Of the items objected to, three are for alfalfa seed ($290), four are for permanent improvements ($197.50), five are for payments to the widow ($91.50), three are for oil and gas ($61.50), two are for electric power ($199.58), four are for losses of personal property belonging to others ($137.53), one is for tires and battery for the automobile, seventy-one are for labor ($1245.00) and two are for wire and water ($20.75) used in baling the hay.
[1, 2] As to the item for seed, the administrator advised the court by his petition for authority to borrow $1,000 in February of 1938 of his purpose to plant a large acreage in alfalfa. Objectors knew of it, made no objection and the court authorized the crop mortgage to obtain money for seed, labor and the rental of equipment. The items for oil, fuel and power and for tires and battery fall in the same category for they were used to "carry on" the farming operations. If they were incurred in planting the extra thirty acres the objectors had notice that it was about to be done and the court authorized the purchases; if they were incurred in the course of farming the twenty acres they were properly chargeable as operation expense and will be disposed of on the same basis as items of "labor".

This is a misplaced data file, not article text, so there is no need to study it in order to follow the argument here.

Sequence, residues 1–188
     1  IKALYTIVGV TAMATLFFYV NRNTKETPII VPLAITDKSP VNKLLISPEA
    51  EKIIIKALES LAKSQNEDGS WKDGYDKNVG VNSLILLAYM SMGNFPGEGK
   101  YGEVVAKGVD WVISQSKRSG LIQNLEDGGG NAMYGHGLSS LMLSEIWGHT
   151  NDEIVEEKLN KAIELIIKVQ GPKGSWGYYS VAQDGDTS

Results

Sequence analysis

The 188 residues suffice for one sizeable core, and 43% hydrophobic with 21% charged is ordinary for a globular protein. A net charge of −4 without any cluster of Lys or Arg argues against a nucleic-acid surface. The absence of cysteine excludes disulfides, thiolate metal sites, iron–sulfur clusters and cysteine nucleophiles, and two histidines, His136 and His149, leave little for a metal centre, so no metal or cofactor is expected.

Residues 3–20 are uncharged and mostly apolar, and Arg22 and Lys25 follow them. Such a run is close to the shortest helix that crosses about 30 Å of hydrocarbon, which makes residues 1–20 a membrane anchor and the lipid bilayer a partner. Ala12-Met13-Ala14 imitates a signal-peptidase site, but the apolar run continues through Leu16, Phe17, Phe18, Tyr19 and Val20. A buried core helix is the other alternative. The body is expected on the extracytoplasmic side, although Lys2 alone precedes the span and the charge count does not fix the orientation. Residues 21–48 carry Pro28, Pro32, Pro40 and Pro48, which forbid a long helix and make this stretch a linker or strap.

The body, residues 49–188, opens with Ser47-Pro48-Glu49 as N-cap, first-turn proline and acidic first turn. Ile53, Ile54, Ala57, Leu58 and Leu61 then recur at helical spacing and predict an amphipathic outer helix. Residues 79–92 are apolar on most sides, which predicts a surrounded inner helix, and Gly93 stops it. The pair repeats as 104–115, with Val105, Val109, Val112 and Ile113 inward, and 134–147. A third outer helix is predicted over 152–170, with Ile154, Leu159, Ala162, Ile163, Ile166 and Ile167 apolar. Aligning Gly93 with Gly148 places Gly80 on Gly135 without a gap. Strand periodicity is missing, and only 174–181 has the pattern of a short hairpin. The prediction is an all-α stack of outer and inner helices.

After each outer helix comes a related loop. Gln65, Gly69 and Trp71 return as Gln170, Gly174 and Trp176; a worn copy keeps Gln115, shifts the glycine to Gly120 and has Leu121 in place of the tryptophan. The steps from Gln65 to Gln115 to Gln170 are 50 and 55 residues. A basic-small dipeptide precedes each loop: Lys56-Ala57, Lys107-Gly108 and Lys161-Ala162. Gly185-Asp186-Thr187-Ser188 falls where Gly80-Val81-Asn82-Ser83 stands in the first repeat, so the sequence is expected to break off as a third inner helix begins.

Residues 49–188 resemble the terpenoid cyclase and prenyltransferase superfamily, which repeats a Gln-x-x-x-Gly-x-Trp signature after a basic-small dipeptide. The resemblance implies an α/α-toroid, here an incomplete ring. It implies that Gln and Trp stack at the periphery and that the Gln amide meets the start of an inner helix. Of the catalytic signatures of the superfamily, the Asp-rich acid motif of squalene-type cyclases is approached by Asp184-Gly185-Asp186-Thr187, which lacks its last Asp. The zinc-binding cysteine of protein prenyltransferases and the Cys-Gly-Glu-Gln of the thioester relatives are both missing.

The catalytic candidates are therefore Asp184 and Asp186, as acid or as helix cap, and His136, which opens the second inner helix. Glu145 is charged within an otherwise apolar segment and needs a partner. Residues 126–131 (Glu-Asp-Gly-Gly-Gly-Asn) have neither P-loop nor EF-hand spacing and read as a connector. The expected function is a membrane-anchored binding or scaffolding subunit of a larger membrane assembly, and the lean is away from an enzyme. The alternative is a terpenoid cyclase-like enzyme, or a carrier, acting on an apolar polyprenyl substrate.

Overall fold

The four items of payments for chattels destroyed in the fire were properly approved by the trial court. For an administrator to receive insurance money for movables of others lost in a fire on decedent's estate and to withhold it from those who suffered the losses would have been sheer dishonesty. In the absence of a showing of his bad faith in settling claims of this character, no good reason appears why the court should not have approved such payments.
 Nothing in the objections or in the bill of exceptions demonstrates the illegality or impropriety of the payments to the widow of $91.50. Since they are in excess of the widow's allowance they may have been deemed partial payments to the widow for her services in cooking for and serving meals to the laborers employed on the farm. Such expenditures come within the same category as items for labor.